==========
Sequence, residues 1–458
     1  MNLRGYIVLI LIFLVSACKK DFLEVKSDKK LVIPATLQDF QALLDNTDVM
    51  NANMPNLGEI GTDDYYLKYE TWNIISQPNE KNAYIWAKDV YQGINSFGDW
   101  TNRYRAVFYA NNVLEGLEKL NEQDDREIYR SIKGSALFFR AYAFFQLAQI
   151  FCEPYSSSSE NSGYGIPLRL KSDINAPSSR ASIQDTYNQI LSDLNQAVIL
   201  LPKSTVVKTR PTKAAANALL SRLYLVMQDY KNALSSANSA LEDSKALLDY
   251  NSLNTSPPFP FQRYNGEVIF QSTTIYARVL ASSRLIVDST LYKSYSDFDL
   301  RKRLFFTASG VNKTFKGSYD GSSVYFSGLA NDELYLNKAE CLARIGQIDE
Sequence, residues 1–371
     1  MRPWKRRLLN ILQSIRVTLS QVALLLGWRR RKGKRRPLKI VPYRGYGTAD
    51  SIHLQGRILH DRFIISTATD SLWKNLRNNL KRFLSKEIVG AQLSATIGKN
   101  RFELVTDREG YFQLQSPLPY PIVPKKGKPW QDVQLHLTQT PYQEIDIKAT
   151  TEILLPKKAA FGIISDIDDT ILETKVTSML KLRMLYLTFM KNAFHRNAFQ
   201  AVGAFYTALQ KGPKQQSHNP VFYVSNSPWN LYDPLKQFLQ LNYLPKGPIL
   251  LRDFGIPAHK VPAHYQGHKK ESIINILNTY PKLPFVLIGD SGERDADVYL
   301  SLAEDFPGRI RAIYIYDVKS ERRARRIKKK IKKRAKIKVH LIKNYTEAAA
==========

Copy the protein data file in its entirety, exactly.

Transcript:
Sequence, residues 1–458
     1  MNLRGYIVLI LIFLVSACKK DFLEVKSDKK LVIPATLQDF QALLDNTDVM
    51  NANMPNLGEI GTDDYYLKYE TWNIISQPNE KNAYIWAKDV YQGINSFGDW
   101  TNRYRAVFYA NNVLEGLEKL NEQDDREIYR SIKGSALFFR AYAFFQLAQI
   151  FCEPYSSSSE NSGYGIPLRL KSDINAPSSR ASIQDTYNQI LSDLNQAVIL
   201  LPKSTVVKTR PTKAAANALL SRLYLVMQDY KNALSSANSA LEDSKALLDY
   251  NSLNTSPPFP FQRYNGEVIF QSTTIYARVL ASSRLIVDST LYKSYSDFDL
   301  RKRLFFTASG VNKTFKGSYD GSSVYFSGLA NDELYLNKAE CLARIGQIDE
Sequence, residues 1–371
     1  MRPWKRRLLN ILQSIRVTLS QVALLLGWRR RKGKRRPLKI VPYRGYGTAD
    51  SIHLQGRILH DRFIISTATD SLWKNLRNNL KRFLSKEIVG AQLSATIGKN
   101  RFELVTDREG YFQLQSPLPY PIVPKKGKPW QDVQLHLTQT PYQEIDIKAT
   151  TEILLPKKAA FGIISDIDDT ILETKVTSML KLRMLYLTFM KNAFHRNAFQ
   201  AVGAFYTALQ KGPKQQSHNP VFYVSNSPWN LYDPLKQFLQ LNYLPKGPIL
   251  LRDFGIPAHK VPAHYQGHKK ESIINILNTY PKLPFVLIGD SGERDADVYL
   301  SLAEDFPGRI RAIYIYDVKS ERRARRIKKK IKKRAKIKVH LIKNYTEAAA